Medicine/DrugsTreatment of Type 1 Diabetes

Is Sanofi Digging Its Own Grave with Toujeo?

Sanofi has decided not to offer a discount on its new once-daily basal insulin, Toujeo.

According to a FiercePharma article, the French drugmaker is confident enough in Toujeo’s ability to succeed in the insulin marketplace that it doesn’t need to offer an enticing discount to get users of its other basal insulin, Lantus, hooked. In the article, Sanofi Senior VP of Global Diabetes Pierre Chancel says, “Toujeo is an improvement on something already great.”

Lantus is currently the highest-grossing insulin in the world marketplace, and while the hope is that Toujeo can capitalize off the existing drug’s success, the newer insulin has already shown market limitations. Market analysts believe that enthusiasm for Toujeo will be dampened because current Lantus users might not see any significant blood sugar control between the two insulins. Probably the one thing that Toujeo has going for it is improved ability to combat nighttime hypoglycemia, a Bloomberg report stated, but it isn’t even yet approved for patients under 18 years of age.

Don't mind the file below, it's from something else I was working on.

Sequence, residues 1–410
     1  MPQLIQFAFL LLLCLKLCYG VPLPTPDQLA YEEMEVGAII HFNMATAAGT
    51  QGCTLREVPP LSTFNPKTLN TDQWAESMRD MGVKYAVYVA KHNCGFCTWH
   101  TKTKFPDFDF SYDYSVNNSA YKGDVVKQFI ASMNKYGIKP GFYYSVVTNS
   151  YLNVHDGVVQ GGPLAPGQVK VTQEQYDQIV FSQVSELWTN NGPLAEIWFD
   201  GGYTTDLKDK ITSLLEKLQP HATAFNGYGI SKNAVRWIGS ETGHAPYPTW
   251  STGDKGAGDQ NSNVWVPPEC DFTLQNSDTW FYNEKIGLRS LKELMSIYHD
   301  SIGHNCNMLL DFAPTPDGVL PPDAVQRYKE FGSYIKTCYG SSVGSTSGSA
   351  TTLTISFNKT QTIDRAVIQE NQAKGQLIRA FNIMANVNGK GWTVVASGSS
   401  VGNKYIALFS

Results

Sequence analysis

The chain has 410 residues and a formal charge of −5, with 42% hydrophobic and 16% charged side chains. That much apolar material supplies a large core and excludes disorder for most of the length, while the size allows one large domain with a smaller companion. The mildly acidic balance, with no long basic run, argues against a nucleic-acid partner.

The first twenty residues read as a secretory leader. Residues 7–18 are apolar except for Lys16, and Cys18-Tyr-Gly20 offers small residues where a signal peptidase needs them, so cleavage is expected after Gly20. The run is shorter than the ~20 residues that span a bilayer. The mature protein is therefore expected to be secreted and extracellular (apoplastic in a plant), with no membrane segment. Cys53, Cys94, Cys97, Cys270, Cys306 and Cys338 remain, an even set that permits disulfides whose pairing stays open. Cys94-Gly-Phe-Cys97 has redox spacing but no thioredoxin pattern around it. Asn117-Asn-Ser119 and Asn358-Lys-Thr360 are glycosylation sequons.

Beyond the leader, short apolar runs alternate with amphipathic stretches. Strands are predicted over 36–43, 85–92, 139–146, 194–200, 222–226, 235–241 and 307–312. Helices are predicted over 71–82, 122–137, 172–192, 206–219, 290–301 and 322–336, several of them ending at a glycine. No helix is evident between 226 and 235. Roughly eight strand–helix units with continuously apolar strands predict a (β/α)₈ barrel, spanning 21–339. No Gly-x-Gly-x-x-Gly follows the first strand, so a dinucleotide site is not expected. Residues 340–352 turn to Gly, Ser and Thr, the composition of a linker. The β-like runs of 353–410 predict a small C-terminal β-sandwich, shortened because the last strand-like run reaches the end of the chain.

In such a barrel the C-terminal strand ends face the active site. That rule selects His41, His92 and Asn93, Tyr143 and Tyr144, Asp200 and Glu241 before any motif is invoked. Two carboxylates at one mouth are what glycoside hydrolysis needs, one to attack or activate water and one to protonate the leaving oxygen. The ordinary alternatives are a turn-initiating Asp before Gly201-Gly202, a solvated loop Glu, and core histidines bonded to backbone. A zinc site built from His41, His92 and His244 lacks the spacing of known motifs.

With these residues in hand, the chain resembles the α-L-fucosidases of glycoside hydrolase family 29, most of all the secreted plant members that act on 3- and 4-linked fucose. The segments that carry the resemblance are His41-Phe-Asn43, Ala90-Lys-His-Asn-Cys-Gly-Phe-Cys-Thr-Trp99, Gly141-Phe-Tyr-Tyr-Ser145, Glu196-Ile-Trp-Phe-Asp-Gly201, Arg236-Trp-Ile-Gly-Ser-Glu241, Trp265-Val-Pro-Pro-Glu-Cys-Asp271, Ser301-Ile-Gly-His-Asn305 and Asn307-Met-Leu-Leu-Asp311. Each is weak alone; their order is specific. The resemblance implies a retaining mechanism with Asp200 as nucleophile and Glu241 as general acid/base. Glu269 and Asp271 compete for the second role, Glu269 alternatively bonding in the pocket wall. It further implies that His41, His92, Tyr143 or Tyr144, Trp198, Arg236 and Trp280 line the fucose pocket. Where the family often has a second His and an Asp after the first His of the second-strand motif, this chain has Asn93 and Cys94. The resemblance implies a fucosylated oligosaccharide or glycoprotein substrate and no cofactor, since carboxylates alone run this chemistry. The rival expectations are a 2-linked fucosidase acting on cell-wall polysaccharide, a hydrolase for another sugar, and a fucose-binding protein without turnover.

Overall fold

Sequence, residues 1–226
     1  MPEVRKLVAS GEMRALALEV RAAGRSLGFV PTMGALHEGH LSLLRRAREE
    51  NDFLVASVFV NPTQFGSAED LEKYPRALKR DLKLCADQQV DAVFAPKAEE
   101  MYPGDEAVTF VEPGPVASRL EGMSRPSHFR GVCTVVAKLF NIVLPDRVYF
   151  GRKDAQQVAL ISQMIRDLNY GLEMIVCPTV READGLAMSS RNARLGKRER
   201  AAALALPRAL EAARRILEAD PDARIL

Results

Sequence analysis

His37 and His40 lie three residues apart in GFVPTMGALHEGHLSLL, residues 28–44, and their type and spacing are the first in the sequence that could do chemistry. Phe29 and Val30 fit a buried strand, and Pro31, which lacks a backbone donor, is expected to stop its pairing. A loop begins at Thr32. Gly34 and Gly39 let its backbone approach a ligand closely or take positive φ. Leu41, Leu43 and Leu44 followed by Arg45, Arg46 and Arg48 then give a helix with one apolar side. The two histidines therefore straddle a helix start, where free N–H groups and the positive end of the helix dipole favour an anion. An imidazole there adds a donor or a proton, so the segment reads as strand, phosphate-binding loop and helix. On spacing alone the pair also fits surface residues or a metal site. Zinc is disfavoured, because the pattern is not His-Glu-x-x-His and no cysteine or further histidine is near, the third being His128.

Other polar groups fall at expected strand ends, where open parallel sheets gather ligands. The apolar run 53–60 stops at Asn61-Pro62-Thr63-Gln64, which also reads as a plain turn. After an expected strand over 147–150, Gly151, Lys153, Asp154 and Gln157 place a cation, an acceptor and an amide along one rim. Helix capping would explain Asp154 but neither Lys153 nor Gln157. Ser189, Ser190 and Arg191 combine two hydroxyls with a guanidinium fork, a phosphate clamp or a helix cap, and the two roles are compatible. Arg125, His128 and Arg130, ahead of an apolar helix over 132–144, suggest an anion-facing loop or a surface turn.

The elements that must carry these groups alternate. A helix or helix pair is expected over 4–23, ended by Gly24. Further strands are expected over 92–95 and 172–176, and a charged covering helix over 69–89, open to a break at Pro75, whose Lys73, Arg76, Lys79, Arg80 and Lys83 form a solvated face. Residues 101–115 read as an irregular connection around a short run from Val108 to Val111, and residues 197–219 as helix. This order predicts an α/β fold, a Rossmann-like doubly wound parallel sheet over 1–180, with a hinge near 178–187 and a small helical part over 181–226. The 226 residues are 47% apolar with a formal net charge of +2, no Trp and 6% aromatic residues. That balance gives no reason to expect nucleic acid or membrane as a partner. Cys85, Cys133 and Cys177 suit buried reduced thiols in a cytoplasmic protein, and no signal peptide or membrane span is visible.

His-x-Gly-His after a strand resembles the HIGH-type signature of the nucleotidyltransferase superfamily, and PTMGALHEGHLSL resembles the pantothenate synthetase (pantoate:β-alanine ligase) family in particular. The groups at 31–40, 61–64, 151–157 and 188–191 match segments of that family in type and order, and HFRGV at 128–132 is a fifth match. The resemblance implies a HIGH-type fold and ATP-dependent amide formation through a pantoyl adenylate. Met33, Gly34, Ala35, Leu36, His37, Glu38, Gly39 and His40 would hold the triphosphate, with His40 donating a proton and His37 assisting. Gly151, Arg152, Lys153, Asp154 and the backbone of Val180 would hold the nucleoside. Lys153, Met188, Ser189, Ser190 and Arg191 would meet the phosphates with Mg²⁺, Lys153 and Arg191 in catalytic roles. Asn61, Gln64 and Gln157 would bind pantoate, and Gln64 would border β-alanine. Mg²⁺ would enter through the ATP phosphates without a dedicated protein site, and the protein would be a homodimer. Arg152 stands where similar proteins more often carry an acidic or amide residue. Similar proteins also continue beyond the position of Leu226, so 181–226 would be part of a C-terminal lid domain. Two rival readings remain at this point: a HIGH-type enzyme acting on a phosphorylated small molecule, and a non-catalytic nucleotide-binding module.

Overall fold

Sanofi wants to target Toujeo to adults who are newly diagnosed with diabetes, a niche group that makes up just 3% of all diabetic patients in the U.S. If Toujeo is to succeed in the insulin marketplace, Sanofi must reach them before they become familiar with Lantus, and that will require getting to doctors used to prescribing Lantus before they write that first prescription. There is high risk of cannibalizing Lantus sales to move Toujeo, analysts fear.

Sales of Toujeo are projected to be $131 million this year, and $1.7 billion by 2020, which may sound like a lot, but is less-than-pleasing for investors. And with Lantus’ estimated $1.5 billion drop in sales by the end of this year, Sanofi’s marketing strategy may end up costing the company.

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Travis served as a staff writer for Insulin Nation and Type 2 Nation in 2015. Previously, he was a staff writer for Insight, a high school newspaper, as well as a copywriter for The Emersonian, Emerson's yearbook.

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